Cooperative labour market initiatives
Diakonie de La Tour is a non-profit social welfare organisation of Austria’s Protestant church based in southern Austria (Carinthia) and has been facilitating these two multi-stakeholder programmes since 2016:

  • ‘TourIK – Tourism and Integration in Carinthia’, which ran from 2017-2019, was a social collaboration for refugees, providing holistic socio-educational support and placement services, and vocational training as well as scientific evaluation of all processes involved.
  • ‘A:Life – Asylum and Apprenticeship in Carinthia’, is a 12-month programme that runs on a yearly basis. From its inception in 2016, its goal has been the integration of refugees into the primary labour market in Carinthia through pre-qualification, job and/or apprenticeship placement and holistic socio-educational support.

Both programmes are designed with a commitment to the idea that refugees, in particular, need specific social support in addition to vocational and language training in order to be successfully integrated into their new home countries’ labour markets. Diakonie’s holistic approach towards this socio-educational support encompasses outreach work and includes topics ranging from financial difficulties and family issues to the asylum and residency procedure. Diakone’s staff mediate between clients, involved companies and public stakeholders, and they accompany clients, relying on transcultural as well as social competences, from qualification phases through placement as well as during the first steps in a new job.

Moreover, despite a 2018 decree (GZ: BMASGK-435.006/0013-VI/B/7/2018), disallowing young asylum seekers from starting an apprenticeship, TourIK managed to allocate 15 placements in 13 different businesses in the period up to July 2019. This equals an overall placement rate of 50% by the end of the project. And, with an average placement rate of 67.8% (92 days after qualification) and a total of at least 94 placements out of 140 opportunities, A:Life continues to operate as a successful programme.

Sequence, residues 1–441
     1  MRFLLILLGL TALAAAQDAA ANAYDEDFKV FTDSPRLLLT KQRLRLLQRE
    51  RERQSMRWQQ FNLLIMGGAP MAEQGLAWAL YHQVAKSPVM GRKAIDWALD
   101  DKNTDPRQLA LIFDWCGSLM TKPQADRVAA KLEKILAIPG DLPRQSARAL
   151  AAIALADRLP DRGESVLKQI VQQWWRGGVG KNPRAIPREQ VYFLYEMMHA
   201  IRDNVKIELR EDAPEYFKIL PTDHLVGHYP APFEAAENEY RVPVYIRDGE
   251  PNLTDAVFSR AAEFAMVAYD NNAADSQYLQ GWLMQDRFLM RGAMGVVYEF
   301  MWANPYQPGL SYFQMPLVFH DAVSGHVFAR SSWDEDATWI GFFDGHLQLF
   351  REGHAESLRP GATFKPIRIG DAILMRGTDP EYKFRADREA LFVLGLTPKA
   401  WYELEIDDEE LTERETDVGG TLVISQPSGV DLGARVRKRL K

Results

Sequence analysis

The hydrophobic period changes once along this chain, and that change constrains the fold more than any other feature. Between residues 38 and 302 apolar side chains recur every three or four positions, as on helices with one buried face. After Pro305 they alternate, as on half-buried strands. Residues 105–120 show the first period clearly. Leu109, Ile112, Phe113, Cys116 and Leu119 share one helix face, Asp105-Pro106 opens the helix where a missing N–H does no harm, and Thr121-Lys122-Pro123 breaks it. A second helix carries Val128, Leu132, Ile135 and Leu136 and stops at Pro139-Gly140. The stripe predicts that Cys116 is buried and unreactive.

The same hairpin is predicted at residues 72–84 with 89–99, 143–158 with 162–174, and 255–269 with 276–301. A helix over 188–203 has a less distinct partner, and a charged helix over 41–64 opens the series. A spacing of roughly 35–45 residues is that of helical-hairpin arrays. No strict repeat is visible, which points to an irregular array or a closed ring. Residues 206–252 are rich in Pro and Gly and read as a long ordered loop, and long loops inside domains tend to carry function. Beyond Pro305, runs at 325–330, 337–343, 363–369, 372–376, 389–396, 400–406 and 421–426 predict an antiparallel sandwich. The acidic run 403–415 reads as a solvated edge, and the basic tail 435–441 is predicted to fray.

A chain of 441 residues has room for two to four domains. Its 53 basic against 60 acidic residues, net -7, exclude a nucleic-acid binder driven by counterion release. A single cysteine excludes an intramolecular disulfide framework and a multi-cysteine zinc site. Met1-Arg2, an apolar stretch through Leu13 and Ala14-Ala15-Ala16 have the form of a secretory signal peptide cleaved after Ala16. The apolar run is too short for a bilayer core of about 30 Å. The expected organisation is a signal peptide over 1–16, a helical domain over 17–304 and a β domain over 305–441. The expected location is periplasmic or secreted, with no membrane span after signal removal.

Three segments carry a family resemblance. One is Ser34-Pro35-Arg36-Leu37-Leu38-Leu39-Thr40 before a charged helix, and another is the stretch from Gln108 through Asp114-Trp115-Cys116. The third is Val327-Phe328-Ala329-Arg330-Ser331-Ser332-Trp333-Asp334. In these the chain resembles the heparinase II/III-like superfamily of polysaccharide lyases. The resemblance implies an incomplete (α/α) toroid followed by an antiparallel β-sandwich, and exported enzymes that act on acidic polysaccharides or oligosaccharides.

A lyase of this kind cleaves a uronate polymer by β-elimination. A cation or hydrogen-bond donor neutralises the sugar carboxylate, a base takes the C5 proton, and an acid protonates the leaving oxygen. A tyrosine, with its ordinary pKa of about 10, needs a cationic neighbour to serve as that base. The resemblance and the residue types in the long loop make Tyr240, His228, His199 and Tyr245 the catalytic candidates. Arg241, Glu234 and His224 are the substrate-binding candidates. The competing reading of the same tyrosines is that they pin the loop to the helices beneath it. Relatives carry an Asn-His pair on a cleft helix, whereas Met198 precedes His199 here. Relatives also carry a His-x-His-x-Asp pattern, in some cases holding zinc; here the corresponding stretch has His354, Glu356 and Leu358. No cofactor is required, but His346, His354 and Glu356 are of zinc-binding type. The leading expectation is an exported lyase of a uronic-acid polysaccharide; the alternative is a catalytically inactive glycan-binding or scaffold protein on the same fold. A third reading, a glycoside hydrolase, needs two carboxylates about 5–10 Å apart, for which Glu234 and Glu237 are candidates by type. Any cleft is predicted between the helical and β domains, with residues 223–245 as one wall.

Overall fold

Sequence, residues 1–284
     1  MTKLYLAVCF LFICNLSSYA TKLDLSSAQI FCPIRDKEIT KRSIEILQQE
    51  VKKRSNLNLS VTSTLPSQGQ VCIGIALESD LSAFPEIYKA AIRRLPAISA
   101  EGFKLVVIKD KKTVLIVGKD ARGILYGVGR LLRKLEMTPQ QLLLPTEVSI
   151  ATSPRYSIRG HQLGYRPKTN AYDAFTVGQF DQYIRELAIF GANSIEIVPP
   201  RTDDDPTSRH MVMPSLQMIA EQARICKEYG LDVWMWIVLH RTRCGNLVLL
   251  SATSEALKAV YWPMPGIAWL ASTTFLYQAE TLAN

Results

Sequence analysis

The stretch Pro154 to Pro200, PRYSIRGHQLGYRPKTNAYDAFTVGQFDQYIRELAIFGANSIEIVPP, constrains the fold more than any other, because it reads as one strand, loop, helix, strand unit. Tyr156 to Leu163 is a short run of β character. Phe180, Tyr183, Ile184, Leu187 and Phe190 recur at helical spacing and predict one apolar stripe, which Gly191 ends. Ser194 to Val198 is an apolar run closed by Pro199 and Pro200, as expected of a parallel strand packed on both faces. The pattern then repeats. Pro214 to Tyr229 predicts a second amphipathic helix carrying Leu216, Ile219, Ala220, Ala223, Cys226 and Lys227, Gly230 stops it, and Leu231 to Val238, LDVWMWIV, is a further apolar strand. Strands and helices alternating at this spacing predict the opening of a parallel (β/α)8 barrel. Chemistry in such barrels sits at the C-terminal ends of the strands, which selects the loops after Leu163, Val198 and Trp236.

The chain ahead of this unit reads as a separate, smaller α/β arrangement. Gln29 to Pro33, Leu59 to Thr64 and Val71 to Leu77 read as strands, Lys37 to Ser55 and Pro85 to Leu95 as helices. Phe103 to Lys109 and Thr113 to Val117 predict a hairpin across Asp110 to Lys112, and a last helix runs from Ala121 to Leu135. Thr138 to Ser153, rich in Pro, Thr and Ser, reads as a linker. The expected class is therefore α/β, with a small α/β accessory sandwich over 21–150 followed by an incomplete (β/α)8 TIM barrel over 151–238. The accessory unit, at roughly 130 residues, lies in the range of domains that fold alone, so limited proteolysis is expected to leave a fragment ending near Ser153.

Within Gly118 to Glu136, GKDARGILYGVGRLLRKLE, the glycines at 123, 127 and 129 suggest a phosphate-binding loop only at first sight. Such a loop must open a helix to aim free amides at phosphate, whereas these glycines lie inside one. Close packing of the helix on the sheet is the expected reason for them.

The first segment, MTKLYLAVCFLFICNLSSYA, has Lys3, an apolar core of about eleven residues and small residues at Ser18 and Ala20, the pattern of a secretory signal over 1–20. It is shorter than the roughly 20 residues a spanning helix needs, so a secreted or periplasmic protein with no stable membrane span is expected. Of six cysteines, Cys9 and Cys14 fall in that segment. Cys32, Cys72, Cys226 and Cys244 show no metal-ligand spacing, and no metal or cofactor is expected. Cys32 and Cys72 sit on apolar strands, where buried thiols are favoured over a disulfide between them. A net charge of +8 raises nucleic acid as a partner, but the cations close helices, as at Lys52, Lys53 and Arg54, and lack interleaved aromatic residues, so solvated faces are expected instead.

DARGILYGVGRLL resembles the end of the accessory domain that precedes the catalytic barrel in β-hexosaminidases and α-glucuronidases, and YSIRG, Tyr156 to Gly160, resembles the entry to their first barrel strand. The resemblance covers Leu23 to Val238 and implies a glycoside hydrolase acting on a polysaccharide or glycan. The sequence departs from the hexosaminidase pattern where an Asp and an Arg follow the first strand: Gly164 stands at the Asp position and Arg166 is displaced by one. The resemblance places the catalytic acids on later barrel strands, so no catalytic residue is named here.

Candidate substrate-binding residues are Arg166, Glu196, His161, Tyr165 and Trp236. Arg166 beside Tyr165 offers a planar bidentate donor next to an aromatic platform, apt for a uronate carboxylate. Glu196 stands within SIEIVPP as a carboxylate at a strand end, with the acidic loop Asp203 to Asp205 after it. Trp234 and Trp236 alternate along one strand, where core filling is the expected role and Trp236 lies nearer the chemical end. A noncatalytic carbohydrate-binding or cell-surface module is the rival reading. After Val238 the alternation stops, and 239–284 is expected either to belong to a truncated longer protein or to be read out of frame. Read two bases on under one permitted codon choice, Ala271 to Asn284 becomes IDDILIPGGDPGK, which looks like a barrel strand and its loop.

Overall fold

Where there's a will, there's a workplace
Flagship projects in Austria clearly show that where there are labour market integration offers, young refugees respond to them, if provided. Furthermore, businesses seem to be open to employing young refugees on a broad scale, not least because of shortages in the workforce. At the same time however, political actions and national laws and regulations in Austria often argue the need for protective measures in order not to create ‘attractive conditions’ for migration. Thus, although there is funding allocated to specific integration programmes, refugees continue to be heavily affected by the absence of an underlying long-term immigration strategy. Stated shortly, success in labour market integration often happens not because of, but despite, Austrian policies. What is missing is an approach to the right to work that includes a distinct and holistic policy promoting migration and integration pathways.

Written by Marika Gruber and Marcel Leuschner



Marika Gruber

Marika Gruber

Marika Gruber is a Senior Researcher with a focus on Migration Studies, Rural Areas and Citizen Science, and Lecturer in Inter- and Transculturality at Carinthia University of Applied Sciences.



Marcel Leuschner

Marcel Leuschner

Marcel Leuschner is the Head of the Refugee and Inclusion Department at Diakonie de La Tour in Carinthia.


Cite as: Gruber, Marika; Leuschner, Marcel. "Surviving Forced Migration versus Starting a New Life: Perspectives from Austrian labour market integration programmes", GC Human Rights Preparedness, 9 September 2021,


Add a Comment


This site is not intended to convey legal advice. Responsibility for opinions expressed in submissions published on this website rests solely with the author(s). Publication does not constitute endorsement by the Global Campus of Human Rights.

 CC-BY-NC-ND. All content of this initiative is licensed under a Creative Commons Attribution-NonCommercial-NoDerivatives 4.0 International License.

freccia sinistra

Go back to Blog

Original Page:

Go back